Just Starting to Use AngularJS and Need a Backend?Posted by Itay Herskovits on Sep 18, 2014
Just getting started with AngularJS? Looking to build the next big app in AngularJS – the one that everyone will be clamoring for, but have no idea about the server-side? Maybe you even have a database in place already. And now you are looking for a back-end to connect to your Angular app. This post will be surprisingly helpful.
Many companies are opting to outsource the back-end portions of their stack to smaller, specialized companies with expertise in scalable back-end solutions. This pattern – also known as Backend as a Service (BaaS) – allows a web developer to focus on the look and feel of their application, leaving the technical management to a third party that provides the power behind the product. In this article, part one of a series, we’ll look at a couple of these small stacks, Parse and Backand, and see what they have to offer.
Parse provides BAAS functionality across a range of platforms and execution targets. They have a range of services that scale – and charge – based upon data transfer and storage rate. Parse provides capabilities for managing push notifications, analytics, and connecting a platform-agnostic back-end to any number of development platforms. Parse’s focus on removing the need for a back-end allows your developers to focus on the look-and-feel of your application.
Parse’s tools are highly focused on platform agnosticism, which means that your app will be making calls to an established API. They provide API access points for grabbing data from your app’s data store, and store data using a key-value pattern indicative of a non-relational RDMS. By tying a JSON representation of these parameters into a REST-ful API, your developers can work with the underlying data without a second thought about how it is stored.
Where Parse focuses their efforts on a highly-generalized cross-platform approach to data representation, Backand has a much more streamlined offering targeting a web interface for data driven and dashboard web apps. The Backand client is built on AngularJS that uses the Backand REST-ful API which is in turn connected to any RDMS database. Backand presents a much more narrow focus front-end than Parse – a major benefit when you are already secure in the technologies in your stack.
With Backand, you simply connect your cloud database to a selected Bootstrap template and via the Backand REST API you have a working skeleton. By working with any Amazon RDS, Backand provides the analytic power of a relational RDMS – a crucial factor for applications focused on maintaining and analyzing data. Backand’s code is also completely open-source, with a seed application available (based on angular-seed) so that you can get a working product up very quickly.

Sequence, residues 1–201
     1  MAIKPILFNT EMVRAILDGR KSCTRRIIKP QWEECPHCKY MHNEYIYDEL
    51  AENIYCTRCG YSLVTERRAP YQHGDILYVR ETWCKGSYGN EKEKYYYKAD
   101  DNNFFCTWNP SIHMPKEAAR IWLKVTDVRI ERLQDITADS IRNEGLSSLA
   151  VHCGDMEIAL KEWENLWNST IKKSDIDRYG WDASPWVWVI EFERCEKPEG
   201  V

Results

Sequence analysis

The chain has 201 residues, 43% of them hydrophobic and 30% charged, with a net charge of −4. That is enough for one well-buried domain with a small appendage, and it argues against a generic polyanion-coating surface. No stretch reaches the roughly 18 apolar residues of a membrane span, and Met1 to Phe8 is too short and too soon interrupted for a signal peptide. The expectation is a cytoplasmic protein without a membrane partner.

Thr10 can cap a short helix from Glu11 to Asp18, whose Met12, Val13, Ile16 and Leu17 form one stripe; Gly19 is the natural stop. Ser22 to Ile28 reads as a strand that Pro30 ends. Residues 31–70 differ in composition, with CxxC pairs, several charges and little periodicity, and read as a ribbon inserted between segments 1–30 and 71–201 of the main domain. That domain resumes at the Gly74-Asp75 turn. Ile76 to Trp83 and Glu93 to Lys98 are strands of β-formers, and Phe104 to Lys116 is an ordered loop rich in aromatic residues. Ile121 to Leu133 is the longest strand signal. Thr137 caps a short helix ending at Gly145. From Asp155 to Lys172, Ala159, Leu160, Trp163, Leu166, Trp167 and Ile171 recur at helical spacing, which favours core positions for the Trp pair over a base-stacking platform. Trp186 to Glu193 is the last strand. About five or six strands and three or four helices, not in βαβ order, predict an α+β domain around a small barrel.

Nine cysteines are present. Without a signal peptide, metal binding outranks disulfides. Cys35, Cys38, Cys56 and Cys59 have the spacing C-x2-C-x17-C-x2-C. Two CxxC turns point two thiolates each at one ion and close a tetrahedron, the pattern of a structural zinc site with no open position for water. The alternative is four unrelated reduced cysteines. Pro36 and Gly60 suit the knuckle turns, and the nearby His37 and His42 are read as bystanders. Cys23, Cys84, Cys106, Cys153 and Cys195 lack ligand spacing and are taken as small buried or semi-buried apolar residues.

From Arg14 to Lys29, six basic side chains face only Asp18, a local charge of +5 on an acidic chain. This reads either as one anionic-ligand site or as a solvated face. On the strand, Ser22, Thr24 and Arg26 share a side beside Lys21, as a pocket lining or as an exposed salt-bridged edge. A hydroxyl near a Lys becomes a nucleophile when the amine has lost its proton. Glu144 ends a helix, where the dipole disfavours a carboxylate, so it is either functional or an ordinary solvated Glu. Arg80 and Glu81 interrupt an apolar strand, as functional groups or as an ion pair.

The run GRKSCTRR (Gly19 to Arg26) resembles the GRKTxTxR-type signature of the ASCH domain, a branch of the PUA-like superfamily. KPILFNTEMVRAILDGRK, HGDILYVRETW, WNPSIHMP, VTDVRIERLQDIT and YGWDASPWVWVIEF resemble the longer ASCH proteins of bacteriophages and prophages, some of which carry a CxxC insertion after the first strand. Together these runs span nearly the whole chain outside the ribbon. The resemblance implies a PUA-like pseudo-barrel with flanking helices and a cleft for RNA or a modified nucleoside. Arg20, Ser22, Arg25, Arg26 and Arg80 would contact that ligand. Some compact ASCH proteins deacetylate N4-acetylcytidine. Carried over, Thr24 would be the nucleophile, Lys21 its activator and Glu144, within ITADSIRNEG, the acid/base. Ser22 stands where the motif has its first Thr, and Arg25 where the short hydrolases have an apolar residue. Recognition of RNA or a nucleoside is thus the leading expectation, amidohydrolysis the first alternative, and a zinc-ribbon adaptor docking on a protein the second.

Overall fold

Comparing the Two
On the surface, Parse and Backand handle the same problem domains in different ways. Parse relies upon key-value data stores to provide cross-platform data management capabilities to a wide array of applications, while Backand focuses on a flexible Angular-based stack on top of a RDMS that can power both administrative data management applications as well as analytics suites. One important advantage brought to the table by Backand is that their stack is open-source. Working with Parse can be a fairly black-box endeavor, as the depth of their documentation will show, and is not based on a natural AngularJS design. With Backand, their quick setup tool makes importing an existing database quick and easy, and with the provided Bootstrap templates you can have a powerful and customizable data driven application up and running in no time. While you can accomplish the same things in Parse that you can in Backand, the level of their stack requires you to perform a lot more development to get to a point that Backand gets you from day one.
While there are many different options for platform-independent small-stack drivers (like Firebase, which we’ll discuss in the next part of this series), a development organization is often looking for something that supports their business goals. Large BaaS suites like Parse can provide a lot of flexibility for cross-platform, data-driven applications, but their closed nature and sheer size can be tough to manage. A smaller, targeted, and more-agile provider – like Backand – can provide a much better solution for organizations looking to develop a quick Angular front-end, and the open-source nature of Backand’s stack takes a lot of the headaches out of interacting with the service.
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